In a 5-4 decision, the U.S. Supreme Court has ruled against the government in the case of Boumediene v. Bush, finding that the detainees at Guantanamo Bay have the right to file habeas corpus petitions in federal court. This decision strikes down a key section of the Military Commissions Act, the horrible piece of legislation passed by Congress in October 2006 that sought to condemn detainees to indefinite imprisonment with no real right to challenge their detention.
The MCA provided only for “Combatant Status Review Tribunals”, a farce trial that makes a mockery of the protections given by the Constitution to an accused person. Detainees are tried before military officers, rather than neutral judges. In these tribunals, they have no right to a lawyer, they can be barred from seeing the evidence against them, and they cannot call witnesses in their defense. In a number of cases, when the first CSRT concluded an inmate was not an enemy combatant, the government simply ignored the ruling and convened a second one to reach the decision it preferred.
These inquisitorial, rigged “trials” give further evidence of why the writ of habeas corpus is so vitally important. For over 700 years, it’s protected people against arbitrary and capricious imprisonment by their government. By forcing the government to publicly show the reasons why it has detained someone before a neutral magistrate, habeas corpus turns imprisonment into a tool of justice, rather than a tool of tyranny.
The U.S. Constitution provides that Congress may suspend habeas corpus, but only in cases of “rebellion or invasion”, when it is vital to protect public safety. Clearly, neither of these conditions is in effect at the moment. Thus, the MCA’s suspension of habeas corpus for detainees was unconstitutional, and the Court was absolutely in the right to strike it down.
The prisoners at Guantanamo Bay have been in detention, in some cases, for over six years without ever being given the chance to prove their innocence. The Bush administration’s attempt to put them into a legal black hole, beyond the reach of all law, is anathema to everything the American justice system stands for. It’s long overdue that this injustice was corrected. If any of these detainees are terrorists or have committed war crimes against the United States, then let the government prove that in a court of law. Our justice system has served us well against those who would harm us for over two hundred years, and it will continue to do so. On the other hand, if any of these detainees are innocent – a very likely circumstance, given the dragnet-like way in which they were swept up – then their detention is an outrageous evil, and they should immediately be released.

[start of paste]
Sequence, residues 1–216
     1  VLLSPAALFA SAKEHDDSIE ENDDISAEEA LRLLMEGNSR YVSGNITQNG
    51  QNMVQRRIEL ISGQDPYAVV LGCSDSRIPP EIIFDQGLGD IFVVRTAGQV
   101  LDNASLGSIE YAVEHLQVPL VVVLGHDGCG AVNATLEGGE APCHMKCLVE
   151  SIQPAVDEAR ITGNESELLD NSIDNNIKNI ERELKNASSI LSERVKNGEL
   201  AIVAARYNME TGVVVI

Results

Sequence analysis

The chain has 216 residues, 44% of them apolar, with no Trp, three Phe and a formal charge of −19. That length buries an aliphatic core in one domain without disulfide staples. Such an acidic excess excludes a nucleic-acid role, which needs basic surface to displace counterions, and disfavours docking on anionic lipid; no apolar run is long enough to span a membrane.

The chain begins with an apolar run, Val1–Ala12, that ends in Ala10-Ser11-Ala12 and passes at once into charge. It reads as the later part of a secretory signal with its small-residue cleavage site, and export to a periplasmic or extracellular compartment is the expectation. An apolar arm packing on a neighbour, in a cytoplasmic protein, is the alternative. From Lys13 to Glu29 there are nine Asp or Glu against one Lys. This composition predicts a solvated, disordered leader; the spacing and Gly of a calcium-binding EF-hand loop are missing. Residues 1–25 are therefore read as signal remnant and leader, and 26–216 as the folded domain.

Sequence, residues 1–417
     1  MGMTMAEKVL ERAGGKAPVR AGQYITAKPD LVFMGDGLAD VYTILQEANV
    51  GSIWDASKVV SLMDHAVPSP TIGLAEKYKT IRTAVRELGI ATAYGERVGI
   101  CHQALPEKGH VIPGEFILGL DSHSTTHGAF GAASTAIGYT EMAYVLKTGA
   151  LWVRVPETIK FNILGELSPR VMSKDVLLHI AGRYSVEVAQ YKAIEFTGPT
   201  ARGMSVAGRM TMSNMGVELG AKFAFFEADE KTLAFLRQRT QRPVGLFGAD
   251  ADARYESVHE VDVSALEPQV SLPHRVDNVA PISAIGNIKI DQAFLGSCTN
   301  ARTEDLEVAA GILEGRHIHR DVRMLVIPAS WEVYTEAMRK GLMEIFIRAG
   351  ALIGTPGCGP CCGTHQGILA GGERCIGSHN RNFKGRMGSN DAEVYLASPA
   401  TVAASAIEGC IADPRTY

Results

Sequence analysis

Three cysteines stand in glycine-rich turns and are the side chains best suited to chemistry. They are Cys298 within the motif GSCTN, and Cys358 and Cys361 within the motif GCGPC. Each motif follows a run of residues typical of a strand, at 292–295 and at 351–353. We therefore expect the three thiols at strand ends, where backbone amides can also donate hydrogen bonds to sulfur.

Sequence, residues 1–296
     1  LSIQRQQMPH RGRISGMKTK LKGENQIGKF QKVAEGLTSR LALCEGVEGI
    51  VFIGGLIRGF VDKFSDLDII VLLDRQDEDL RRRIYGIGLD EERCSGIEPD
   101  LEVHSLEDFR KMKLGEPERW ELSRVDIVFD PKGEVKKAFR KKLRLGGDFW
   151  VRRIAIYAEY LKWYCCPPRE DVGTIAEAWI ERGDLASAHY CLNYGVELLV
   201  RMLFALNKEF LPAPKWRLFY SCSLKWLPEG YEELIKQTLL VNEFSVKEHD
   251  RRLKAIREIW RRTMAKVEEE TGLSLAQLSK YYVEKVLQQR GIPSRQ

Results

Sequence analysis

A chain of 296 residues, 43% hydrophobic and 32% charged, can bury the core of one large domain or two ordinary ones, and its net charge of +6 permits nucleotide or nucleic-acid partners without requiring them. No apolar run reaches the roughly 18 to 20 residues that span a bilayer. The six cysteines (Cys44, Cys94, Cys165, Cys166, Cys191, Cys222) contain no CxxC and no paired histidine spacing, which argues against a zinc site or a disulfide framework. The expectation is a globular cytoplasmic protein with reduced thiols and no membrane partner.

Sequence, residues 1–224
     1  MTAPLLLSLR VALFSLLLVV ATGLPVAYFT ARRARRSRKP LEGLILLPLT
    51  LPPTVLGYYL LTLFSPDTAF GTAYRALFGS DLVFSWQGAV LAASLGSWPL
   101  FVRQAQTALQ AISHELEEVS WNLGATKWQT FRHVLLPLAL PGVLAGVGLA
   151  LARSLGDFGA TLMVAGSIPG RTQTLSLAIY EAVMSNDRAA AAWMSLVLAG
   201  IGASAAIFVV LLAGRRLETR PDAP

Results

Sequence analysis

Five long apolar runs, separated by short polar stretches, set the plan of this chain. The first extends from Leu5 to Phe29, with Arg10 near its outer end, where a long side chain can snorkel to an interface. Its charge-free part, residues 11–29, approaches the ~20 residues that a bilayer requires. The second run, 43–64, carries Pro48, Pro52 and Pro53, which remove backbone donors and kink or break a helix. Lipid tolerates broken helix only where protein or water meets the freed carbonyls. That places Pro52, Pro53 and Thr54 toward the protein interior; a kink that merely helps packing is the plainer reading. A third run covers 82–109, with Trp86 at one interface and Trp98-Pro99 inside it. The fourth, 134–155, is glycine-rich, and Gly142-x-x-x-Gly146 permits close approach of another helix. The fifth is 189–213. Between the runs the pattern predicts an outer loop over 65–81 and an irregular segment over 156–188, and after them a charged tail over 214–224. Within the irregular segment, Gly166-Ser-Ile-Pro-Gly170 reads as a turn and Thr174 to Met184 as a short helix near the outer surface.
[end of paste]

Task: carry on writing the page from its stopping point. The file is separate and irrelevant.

Justice Anthony Kennedy, who wrote the majority opinion, concluded that neither the President nor Congress may “switch the Constitution on or off at will“. The Court rejected the legal fiction that, because Guantanamo Bay is technically part of Cuba, the detainees have no recourse under the U.S. Constitution.
This is a great victory for due process and for the American legal system, and a bright day for friends of liberty everywhere. The only dark spot on this decision is that it was by a narrow, 5-to-4 majority. (Scalia’s dissent begins “America is at war with radical Islamists” and goes on to cry about how the terrorists will kill us if we don’t lock people up indefinitely with no trial. I am not joking.) If John McCain is elected president and has the chance to make the next few appointments to the Supreme Court, the fragile constitutional bulwarks which still stand against arbitrary government power will be in extremely serious jeopardy.